Able to Lead: Disablement, Radicalism, and the Political Life of E.T. Kingsley, Ravi Malhotra and Benjamin Isitt

Book Review by Janet Nicol

Eugene Thornton Kingsley, an influential socialist in early British Columbia, was 33 years old when he adopted his revolutionary stance.  Employed as a brakeman on a railway in rural Montana in 1890, he fell between two moving train cars and lost both legs.  During a lengthy recovery in hospital, Kingsley read the books of Karl Marx.  After his discharge, he returned home to his wife and two young sons equipped with a pair of wooden prosthesis and a cane.  Two years later Kingsley inexplicably left his family and moved to California.  Authors Ravi Malhotra, a disability rights and law professor, and Benjamin Isitt, a historian, examine Kingsley’s ensuing activism through the lens of ableism, law, and the socialist movement.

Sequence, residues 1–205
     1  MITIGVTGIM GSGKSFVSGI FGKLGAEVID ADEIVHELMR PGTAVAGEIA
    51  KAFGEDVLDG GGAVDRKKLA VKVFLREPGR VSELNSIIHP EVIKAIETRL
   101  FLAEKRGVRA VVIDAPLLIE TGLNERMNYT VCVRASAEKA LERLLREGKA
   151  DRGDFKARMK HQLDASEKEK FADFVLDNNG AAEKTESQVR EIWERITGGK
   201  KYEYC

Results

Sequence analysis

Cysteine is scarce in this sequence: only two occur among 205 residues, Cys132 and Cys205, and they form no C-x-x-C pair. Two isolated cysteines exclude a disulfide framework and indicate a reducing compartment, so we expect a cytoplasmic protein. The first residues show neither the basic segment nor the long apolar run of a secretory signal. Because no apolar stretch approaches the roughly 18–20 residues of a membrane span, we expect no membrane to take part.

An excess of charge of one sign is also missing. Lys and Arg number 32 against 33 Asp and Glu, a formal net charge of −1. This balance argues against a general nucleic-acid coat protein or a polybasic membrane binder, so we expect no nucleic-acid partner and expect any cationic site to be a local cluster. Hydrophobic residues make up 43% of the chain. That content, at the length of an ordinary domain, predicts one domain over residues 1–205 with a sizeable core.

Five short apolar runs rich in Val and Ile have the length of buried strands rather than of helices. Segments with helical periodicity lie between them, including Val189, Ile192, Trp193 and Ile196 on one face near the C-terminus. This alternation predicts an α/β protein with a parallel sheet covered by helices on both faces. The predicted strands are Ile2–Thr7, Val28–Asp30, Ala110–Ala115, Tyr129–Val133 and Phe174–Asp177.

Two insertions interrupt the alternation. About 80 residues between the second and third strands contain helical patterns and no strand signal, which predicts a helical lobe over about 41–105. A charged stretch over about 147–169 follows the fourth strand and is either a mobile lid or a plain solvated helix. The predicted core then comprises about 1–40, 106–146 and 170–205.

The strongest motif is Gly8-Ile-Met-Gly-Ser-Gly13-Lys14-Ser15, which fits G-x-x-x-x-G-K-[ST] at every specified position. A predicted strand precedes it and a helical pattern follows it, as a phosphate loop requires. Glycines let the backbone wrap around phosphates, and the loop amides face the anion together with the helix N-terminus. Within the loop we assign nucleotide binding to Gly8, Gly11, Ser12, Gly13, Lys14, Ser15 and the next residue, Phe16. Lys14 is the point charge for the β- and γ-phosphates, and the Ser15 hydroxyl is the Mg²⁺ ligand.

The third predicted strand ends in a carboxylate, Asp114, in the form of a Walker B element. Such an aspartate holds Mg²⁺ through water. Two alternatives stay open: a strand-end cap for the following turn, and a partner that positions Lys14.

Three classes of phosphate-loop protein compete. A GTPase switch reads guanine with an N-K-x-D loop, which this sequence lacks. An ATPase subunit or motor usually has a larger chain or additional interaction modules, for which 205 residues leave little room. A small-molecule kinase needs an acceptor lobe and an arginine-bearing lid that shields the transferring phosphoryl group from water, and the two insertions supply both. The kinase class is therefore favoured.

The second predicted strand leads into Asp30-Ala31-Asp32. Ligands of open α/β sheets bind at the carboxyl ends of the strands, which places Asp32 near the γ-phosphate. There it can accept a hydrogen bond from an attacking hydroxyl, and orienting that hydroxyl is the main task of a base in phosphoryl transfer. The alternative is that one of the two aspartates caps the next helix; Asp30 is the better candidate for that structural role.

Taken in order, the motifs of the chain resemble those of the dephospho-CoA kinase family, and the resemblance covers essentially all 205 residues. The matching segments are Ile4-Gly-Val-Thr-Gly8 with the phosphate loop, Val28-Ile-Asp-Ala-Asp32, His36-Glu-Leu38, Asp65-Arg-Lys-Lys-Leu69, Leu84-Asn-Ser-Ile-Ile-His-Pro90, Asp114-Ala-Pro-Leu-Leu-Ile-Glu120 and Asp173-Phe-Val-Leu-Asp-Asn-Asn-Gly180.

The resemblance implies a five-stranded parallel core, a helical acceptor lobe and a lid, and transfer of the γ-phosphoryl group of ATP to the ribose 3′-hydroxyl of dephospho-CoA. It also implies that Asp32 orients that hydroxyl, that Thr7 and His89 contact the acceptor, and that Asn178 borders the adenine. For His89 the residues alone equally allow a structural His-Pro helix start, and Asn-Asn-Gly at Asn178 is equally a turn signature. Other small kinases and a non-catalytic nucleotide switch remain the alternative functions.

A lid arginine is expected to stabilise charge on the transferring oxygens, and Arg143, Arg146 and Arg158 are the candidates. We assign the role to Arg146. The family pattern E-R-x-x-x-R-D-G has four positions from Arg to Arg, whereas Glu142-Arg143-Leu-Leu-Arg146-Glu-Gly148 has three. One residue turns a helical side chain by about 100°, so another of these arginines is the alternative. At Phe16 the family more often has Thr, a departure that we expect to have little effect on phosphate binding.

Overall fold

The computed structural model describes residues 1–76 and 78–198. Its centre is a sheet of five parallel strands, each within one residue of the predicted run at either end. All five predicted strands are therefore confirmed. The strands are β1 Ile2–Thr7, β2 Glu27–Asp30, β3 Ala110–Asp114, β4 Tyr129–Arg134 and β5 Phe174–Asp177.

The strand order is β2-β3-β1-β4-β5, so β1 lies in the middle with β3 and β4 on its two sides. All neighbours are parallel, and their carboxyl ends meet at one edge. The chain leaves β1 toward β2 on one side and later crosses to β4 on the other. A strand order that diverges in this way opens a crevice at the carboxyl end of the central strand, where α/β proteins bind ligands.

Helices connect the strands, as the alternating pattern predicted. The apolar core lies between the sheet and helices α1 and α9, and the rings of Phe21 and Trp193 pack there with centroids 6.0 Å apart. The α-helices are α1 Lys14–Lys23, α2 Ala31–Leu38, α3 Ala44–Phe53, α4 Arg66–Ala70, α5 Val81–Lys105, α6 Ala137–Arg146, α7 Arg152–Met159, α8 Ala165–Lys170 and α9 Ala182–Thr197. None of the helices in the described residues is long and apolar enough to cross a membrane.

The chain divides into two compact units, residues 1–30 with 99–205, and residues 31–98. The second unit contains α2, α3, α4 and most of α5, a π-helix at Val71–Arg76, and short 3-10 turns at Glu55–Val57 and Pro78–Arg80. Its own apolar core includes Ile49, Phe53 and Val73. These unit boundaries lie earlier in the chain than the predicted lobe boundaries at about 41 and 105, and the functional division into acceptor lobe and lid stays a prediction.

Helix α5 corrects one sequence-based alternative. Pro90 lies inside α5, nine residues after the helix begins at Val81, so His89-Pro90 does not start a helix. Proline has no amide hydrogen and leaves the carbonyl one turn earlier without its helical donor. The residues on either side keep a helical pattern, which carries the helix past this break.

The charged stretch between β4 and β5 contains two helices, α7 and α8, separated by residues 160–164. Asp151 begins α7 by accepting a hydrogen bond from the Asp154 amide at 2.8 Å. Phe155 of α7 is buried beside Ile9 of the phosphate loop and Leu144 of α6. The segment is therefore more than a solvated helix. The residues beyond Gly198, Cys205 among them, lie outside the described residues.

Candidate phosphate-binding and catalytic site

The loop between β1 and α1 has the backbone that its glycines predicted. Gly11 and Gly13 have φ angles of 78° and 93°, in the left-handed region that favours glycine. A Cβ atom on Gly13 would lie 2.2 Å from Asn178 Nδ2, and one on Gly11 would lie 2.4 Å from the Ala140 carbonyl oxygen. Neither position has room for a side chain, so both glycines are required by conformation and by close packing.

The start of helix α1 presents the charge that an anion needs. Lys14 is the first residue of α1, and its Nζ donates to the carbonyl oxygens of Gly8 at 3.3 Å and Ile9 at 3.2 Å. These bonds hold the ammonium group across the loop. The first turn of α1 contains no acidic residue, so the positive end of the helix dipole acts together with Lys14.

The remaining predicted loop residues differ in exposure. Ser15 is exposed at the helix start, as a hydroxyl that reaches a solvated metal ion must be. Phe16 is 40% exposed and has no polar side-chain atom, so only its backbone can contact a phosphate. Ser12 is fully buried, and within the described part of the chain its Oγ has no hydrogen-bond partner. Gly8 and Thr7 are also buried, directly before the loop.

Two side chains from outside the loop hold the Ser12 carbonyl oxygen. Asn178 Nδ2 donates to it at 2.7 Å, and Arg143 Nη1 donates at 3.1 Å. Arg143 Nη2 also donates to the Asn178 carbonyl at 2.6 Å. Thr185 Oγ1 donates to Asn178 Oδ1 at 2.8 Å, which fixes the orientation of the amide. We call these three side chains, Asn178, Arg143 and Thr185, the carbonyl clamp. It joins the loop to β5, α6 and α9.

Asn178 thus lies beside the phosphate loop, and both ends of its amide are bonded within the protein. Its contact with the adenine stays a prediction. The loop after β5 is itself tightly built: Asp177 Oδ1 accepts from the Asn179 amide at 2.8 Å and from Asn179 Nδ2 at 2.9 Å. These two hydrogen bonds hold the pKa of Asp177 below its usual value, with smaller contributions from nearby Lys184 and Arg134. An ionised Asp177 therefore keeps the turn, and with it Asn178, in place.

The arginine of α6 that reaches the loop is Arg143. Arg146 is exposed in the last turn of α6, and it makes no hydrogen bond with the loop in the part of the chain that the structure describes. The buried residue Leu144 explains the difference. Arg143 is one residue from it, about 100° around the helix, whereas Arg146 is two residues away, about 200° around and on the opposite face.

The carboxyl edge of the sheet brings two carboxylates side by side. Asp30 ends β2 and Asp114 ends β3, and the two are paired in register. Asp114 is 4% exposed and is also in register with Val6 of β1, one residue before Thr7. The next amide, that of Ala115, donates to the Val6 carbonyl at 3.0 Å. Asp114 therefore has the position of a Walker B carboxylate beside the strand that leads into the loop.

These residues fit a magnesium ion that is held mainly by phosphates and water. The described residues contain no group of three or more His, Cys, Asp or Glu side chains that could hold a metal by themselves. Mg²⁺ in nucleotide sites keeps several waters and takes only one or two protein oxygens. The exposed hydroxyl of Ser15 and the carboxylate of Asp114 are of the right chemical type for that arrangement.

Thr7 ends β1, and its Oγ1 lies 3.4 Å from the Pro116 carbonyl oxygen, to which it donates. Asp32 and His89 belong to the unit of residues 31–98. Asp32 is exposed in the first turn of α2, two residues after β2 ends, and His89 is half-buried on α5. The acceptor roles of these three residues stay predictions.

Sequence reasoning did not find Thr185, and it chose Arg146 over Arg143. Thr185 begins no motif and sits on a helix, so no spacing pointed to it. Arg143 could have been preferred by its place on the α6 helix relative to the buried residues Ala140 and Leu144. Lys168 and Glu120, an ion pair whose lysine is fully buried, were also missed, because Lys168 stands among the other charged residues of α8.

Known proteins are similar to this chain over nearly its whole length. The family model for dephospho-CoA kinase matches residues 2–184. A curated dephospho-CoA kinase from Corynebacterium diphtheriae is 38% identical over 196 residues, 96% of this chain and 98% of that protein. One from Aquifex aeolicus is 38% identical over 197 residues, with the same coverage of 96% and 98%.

So begins this review of a remarkable British Columbian. Full review available on line at BC Studies and at a later date, in the BC Studies print edition. (Link below)

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